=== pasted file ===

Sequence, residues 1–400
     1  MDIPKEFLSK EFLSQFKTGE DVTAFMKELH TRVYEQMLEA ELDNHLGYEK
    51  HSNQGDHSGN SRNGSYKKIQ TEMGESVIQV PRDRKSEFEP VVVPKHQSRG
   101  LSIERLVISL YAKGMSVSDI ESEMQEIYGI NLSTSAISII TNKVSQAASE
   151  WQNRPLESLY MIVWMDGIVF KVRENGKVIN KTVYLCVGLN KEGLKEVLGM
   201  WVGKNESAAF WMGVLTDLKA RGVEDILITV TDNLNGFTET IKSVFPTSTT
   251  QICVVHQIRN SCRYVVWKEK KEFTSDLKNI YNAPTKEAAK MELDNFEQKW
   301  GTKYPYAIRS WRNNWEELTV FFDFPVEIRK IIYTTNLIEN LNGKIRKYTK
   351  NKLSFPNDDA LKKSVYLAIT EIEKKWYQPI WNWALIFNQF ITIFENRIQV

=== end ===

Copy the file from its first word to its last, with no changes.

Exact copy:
Sequence, residues 1–400
     1  MDIPKEFLSK EFLSQFKTGE DVTAFMKELH TRVYEQMLEA ELDNHLGYEK
    51  HSNQGDHSGN SRNGSYKKIQ TEMGESVIQV PRDRKSEFEP VVVPKHQSRG
   101  LSIERLVISL YAKGMSVSDI ESEMQEIYGI NLSTSAISII TNKVSQAASE
   151  WQNRPLESLY MIVWMDGIVF KVRENGKVIN KTVYLCVGLN KEGLKEVLGM
   201  WVGKNESAAF WMGVLTDLKA RGVEDILITV TDNLNGFTET IKSVFPTSTT
   251  QICVVHQIRN SCRYVVWKEK KEFTSDLKNI YNAPTKEAAK MELDNFEQKW
   301  GTKYPYAIRS WRNNWEELTV FFDFPVEIRK IIYTTNLIEN LNGKIRKYTK
   351  NKLSFPNDDA LKKSVYLAIT EIEKKWYQPI WNWALIFNQF ITIFENRIQV